The bedrails were next and in hindsight, probably should have been installed weeks later. I cannot tell you how many times we had to climb over them and our shins bore the full brunt of not lifting our legs high enough. We have many bruises to show at this point. However, it was another important element to tick off the list and ensure that our planning and spacing was correct.
We used the same 25mm box steel that we used in our decking frame and bolted these to the side walls. The spacing of these was determined by the upright supports that we had to bolt them to and also the load capacity weighting of each rail.
The bed slats that go onto this frame have actually been salvaged from an old conventional bed that we purchased off Marketplace for less than $100, but more of that later when we come to install the bed in coming weeks.
Whilst dealing with all things flooring, there is a hatch near our front door which is the access point for our bus batteries. These batteries are not to be confused with the battery that is connected to the solar panels on the roof which supplies us with power for lights and appliances. I am talking about the batteries that actually power the bus, just like in a car. We have two 12v batteries run in series to power our 24v bus system.
I remember removing the panel for the first time a few weeks ago and as I lifted it up, small rust flakes started dropping off and the whole thing rattled. That rattling was actually more broken and rusty pieces that had fallen inside the frame. On closer inspection, I could poke holes in it with just my finger, so back to Marketplace to try and find a replacement.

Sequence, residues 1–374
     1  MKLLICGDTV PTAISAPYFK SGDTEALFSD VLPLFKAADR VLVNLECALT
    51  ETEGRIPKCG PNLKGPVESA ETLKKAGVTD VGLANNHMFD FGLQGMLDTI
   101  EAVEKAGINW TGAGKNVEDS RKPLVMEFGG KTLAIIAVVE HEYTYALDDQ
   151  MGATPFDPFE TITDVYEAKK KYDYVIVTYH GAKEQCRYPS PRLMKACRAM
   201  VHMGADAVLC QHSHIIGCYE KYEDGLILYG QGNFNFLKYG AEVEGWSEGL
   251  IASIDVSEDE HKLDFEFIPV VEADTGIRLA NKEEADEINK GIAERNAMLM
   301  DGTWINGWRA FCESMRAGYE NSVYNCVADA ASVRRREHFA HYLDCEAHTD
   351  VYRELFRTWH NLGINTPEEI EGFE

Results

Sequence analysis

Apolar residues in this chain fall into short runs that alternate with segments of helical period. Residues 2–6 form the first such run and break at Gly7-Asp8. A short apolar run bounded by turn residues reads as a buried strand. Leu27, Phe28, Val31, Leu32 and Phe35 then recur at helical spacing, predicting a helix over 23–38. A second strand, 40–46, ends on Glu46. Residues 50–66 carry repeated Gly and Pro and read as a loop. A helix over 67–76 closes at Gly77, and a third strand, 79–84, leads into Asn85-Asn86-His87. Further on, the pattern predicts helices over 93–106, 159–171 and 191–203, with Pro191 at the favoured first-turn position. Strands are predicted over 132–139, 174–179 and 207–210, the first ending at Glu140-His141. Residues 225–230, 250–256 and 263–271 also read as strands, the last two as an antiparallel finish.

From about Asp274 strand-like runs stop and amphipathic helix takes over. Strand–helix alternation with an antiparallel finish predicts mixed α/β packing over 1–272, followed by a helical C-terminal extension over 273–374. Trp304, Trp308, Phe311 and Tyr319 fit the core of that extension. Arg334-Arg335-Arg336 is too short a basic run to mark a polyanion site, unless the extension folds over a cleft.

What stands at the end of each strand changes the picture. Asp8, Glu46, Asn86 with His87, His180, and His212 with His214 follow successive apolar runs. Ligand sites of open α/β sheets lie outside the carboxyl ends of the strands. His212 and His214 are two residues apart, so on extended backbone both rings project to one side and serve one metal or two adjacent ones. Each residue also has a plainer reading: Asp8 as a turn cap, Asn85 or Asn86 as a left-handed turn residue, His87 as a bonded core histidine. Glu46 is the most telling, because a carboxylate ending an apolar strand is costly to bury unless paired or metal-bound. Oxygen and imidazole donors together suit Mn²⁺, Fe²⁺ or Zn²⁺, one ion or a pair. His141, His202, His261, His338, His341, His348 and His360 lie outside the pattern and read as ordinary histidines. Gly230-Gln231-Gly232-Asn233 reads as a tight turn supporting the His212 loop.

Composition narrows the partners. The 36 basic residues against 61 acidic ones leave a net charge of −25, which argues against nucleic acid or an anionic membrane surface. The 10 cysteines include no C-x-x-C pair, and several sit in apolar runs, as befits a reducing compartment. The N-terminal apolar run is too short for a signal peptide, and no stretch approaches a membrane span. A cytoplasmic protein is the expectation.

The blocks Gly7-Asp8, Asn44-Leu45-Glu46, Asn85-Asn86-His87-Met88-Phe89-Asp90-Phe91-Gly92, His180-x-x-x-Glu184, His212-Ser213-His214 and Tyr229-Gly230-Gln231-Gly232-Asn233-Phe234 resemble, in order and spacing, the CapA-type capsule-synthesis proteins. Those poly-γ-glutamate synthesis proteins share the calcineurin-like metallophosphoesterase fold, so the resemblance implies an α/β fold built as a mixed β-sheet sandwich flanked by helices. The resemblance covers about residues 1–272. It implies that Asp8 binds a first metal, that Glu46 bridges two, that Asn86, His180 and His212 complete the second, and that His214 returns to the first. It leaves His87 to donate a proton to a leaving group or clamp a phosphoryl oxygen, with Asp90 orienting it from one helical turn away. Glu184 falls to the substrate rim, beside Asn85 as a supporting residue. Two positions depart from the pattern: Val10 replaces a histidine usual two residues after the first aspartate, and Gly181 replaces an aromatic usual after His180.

Top tip: Wherever possible, we like to find a genuine replacement from the same vehicle that may be used for wrecking, rather than buy an aftermarket part. This not only saves you so much money (believe me parts are expensive, if you can find them new), but it also means that there is one less piece of rubbish filling up landfill.
I couldn’t believe it when I found a replacement in our home state and the new/old hatch had come off a bus that had been wrecked. It was in a much better state than ours and with a new piece of carpet on the top and our three step paint process, it was better than a new one. These pictures are of our old hatch and the newly refurbished on.
The very last task on this week’s long list was to finally determine where the old roof lining would be cut back to. Many people who have Coasters have removed the entire roof lining in the drivers cabin as well as the main cabin. However, ours was in such great condition, it matched our colour scheme and with Herb being so tall, we liked the additional head height, so elected to keep it in place and not lower the roof height and add in additional storage.
This area above us in the driver’s cabin also houses our air conditioning system, which we have kept intact, so it was essential that we didn’t alter this area. It also had the added bonus of keeping the costs down.
There were multiple things on this weeks to do list, but as you can see many of them only took an hour or two. There was lots of time between paint and glue drying, so we made the most of our downtime and tackled many of the foundation items. If you have read this far, I applaud you, this was a tough one to write with so much going on. But in the interests of transperancy and so that you get a true sense of the build, thank you for sticking with us.
If you have questions about anything that you have seen or read, please reach out via DM on our Instagram page @hello_mr_pemberton
(I would love to hear from you!)
Until next week…